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Topic: Multiple Candle Flicker (up to 24 circuits) (Read 1 time) previous topic - next topic

Hi, I am totally new to the Arduino and an electronics beginner.  I have a cutaway model of a sailing ship that I want to add internal illumination to.  I am looking to use 24 individual miniature LED's designed to look like candle lanterns.  I could group some of them but I would like to keep as many individual flicker circuits as possible for maximum realism.

I am currently testing individual circuits using the CDT3460 chip but I also thought there might be an Arduino solution.

There are many candle flicker sketches around but nearly all seem to be for single flames with sngle or multiple LED's.  I need many, many more individual flicker circuits.

Anyone seen anything like this?

Grumpy_Mike

Yes flickering is just like blinking. This sketch was for a small Christmas tree, change the on / off times to make it look like it is flickering.

Code: [Select]

/* Random blinking lights
for use on a christmas tree
By Mike Cook
*/

#define numberOfLights 16

byte pins[] = {2,3,4,5,6,7,8,9,10,11,12,13,14,15,16,17,18};
byte pinState[numberOfLights];
long int changeTime[numberOfLights];
int flashRate[numberOfLights];
long flashChange;   // how often to change the flashing patterns

void setup() {
  for(int i = 0; i< numberOfLights; i++) {
    pinMode(pins[i], OUTPUT);
    changeTime[i] = millis() + random(1000, 200);
    pinState[i] = LOW;
  }
  setFlashTime();
}

void loop() {
  for(int i = 0; i < numberOfLights; i++) {
   if(changeTime[i] <= millis()) {
   pinState[i] = ~pinState[i];
   digitalWrite(pins[i], pinState[i]);
   changeTime[i] = millis() + flashRate[i];
   }
  }
  if(flashChange <= millis()) setFlashTime();
}

void setFlashTime(){
  for(int i=0; i<numberOfLights; i++){
    flashRate[i] = random(200, 1500);
  }
  flashChange = millis() + 100000;  // next time to change pattern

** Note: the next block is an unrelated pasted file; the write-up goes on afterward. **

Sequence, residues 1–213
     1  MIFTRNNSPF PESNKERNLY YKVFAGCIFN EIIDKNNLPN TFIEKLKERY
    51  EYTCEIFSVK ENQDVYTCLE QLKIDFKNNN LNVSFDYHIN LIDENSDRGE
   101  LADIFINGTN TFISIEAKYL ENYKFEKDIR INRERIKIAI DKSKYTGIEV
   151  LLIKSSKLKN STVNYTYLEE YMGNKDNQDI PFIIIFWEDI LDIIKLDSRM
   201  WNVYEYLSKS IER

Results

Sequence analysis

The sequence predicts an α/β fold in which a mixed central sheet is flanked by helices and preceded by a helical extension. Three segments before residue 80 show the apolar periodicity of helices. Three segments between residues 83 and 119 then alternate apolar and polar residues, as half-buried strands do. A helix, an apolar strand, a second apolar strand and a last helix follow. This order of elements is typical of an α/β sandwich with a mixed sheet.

}

Thanks for the reply, but isn't that going to look a little too "blinky"?  When I said flickering, I meant 3 or 4 pwm light levels from say 10 or 20% up to 100%.  The difficulty being not enough analog outputs.

Grumpy_Mike

You could use several shift registers and create PWM outputs on them with this:-
http://www.elcojacobs.com/shiftpwm/

Nick Gammon

You can simulate PWM writing by simply toggling on and off at different rates. The default PWM frequency is only 490 Hz. With a 16 MHz clock you have lots of room to set up various duty cycles on various pins.

This thread here shows how I simulated PWM on all 20 pins by using an interrupt:

http://arduino.cc/forum/index.php/topic,103572.0.html
Please post technical questions on the forum, not by personal message. Thanks!

More info:
http://www.gammon.com.au/electronics

Mike, Nick,

Thanks very much - I will be experimenting with those circuits as soon as I get some components together.

macegr

A TLC5947 is perfect for this, as it has built in 24 channel, 12-bit PWM. You can get very smooth changes in brightness, and almost imperceptible flickers if you need it. It only require any four digital pins from your Arduino.

The TLC5947 is available from many distributors as a surface mount chip. I also have a breakout board for it: http://macetech.com/store/index.php?main_page=product_info&products_id=22
Unique RGB LED Modules and Arduino shields: http://www.macetech.com/store

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